Email harasser must pay $5,300 for racist threats against Armenian newspaper, Istanbul court rules

Lou Ann MATOSSIAN
The Armenian Reporter

Minneapolis – Sparking hopes for the Turkish judiciary system, the Sisli (Istanbul) Second Magistrate Criminal Court has convicted a fourth individual of harassing the Istanbul Armenian weekly Agos, reported the BIA News Center on Dec. 15.

Kenan Celepoglu of Samsun was fined 8,000 TL ($5,286) for “insult via an oral or written message” on the grounds of anonymous emails he had sent to Agos. The messages allegedly contained insults, threats, and racist statements.

“It is a positive and hopeful sign for the Turkish judiciary system that this kind of racism and hostile actions are punished without reducing the sentence,” said Agos attorney Fethiye Çetin. “In our opinion, these examples have an intimidating effect [on offenders] and are encouraging for other judges.” Read more »

UN Award for Turkish Caricaturist Firuz Kutal

Bawer ÇAKIR
BİA News Center

The United Nations (UN) awarded Turkish peace and human rights activist and caricaturist Firuz Kutal with the “Political Caricature” price for his work entitled “Peace Doves”. Kutal lives in Norway and criticized the United States of America with his caricature at the time when the USA invaded Iraq despite wide-spread anti-war demonstrations and claimed to “bring peace and democracy”. Read more »

Major new publication on Turkey’s Armenian community explores historic roots, today’s reality

Lou Ann MATOSSIAN
The Armenian Reporter


Minneapolis – Undermining stereotypes about Armenians from within Turkish society, a comprehensive new book published in Istanbul seeks to reintroduce the Armenian community to the Turkish-speaking majority, Nouvelles d’Arménie and Nor Zartonk report.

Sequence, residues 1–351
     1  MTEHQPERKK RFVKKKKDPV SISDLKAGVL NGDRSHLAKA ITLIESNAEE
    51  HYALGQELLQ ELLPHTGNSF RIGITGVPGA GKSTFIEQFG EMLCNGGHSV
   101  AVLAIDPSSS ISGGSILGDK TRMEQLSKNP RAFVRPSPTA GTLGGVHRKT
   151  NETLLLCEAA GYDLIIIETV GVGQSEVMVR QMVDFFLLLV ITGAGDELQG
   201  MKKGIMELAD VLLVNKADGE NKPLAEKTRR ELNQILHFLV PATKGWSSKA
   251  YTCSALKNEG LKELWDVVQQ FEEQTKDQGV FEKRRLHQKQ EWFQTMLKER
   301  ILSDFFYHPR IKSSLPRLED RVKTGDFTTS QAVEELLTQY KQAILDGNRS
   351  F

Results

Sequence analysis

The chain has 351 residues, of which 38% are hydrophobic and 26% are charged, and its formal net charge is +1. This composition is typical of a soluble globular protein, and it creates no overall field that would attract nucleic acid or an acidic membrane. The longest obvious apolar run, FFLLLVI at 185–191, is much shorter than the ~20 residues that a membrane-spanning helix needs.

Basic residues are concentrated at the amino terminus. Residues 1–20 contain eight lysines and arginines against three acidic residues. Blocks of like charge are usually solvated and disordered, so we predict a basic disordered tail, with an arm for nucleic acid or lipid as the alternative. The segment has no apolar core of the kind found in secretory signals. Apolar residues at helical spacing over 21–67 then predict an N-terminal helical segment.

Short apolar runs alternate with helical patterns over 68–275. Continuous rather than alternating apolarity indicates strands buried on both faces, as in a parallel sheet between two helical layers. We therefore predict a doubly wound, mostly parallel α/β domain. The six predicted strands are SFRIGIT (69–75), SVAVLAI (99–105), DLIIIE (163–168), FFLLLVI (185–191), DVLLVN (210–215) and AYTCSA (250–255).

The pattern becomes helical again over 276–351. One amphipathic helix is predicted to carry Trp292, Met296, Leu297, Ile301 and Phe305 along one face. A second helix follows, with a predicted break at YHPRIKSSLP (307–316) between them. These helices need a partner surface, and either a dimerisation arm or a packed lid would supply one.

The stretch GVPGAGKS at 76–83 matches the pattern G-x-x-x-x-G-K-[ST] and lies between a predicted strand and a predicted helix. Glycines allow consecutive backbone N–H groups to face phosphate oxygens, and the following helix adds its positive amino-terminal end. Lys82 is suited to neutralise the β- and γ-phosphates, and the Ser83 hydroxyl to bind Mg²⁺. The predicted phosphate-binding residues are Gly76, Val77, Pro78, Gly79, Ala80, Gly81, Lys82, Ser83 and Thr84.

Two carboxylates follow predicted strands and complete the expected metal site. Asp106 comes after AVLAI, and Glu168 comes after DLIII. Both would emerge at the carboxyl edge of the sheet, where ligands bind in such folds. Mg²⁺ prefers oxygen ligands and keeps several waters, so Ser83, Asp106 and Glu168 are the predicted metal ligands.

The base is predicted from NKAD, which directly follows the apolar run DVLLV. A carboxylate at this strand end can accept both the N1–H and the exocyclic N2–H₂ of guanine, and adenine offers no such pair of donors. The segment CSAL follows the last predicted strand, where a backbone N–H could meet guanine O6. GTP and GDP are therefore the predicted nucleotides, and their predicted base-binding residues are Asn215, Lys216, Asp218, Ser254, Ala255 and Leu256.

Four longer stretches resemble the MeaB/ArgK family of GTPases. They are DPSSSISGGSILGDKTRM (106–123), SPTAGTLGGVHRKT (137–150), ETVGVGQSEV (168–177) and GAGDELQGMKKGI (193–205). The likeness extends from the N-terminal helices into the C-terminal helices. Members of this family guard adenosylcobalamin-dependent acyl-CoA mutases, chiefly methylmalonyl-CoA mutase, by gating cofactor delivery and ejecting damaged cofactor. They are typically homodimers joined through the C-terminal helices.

In Armenians in Turkey: Community, Individual, Citizen, authors Günay Göksu Ozdogan, Fusun Üstel, Karin Karakasli, and Ferhat Kentel explore Armenians’ deep roots in the land of Ararat, prejudices against Armenians, community life today, and the construction of Armenian identity in contemporary Turkey, among other topics. A moody black-and-white image by noted photographer Ara Güler graces the cover.
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Adana Massacres, 1909 Focus of Istanbul Workshop

Roland MNATSAKANYAN

Sabanci University (Istanbul) just hosted an international workshop entitled “Adana: 1909: History, Memory, and Identity from a Hundred Year Perspective ” ( 6-7 November 2009). The workshop included scholars from the USA, Canada, United Kingdom, France, Italy and Turkey. The event was sponsored by Gomidas Institute (London), Sabanci University, Istanbul Bilgi University History Department, the International Hrant Dink Foundation, and Bogazici University History Department. A capacity audience filled the lecture theatre and included professors, students, journalists and members of the public. There was simultaneous translation between English and Turkish. The papers that were presented will be published in English and Turkish editions.

In their opening remarks, Cengiz Aktar and Ara Sarafian welcomed the participants and pointed to new opportunities for holding such meetings in Turkey today. They explained that the Adana 1909 workshop was organised to mark the centennial of the Adana massacres. It began with a call for papers in Turkish, Armenian and English, and the presentations at the workshop reflected the different interests of participants.

The first paper was an unusual one, as it was a discussion of Turks who saved Armenians in 1909. The fact that Armenian were massacred was a given, and the speaker presented a sensitive examination of righteous Turkish officials who saved potential victims. The speaker used Ottoman records to show how Ottoman Armenians petitioned the state to recognise one such Turkish official for his role in saving an entire community. This first paper took some of the sting out of the workshop, where the audience could sympathise with the Armenian victims of 1909 without vilifying “Muslims” or “Turks” as single categories. Subsequent papers followed with the same sensitivity.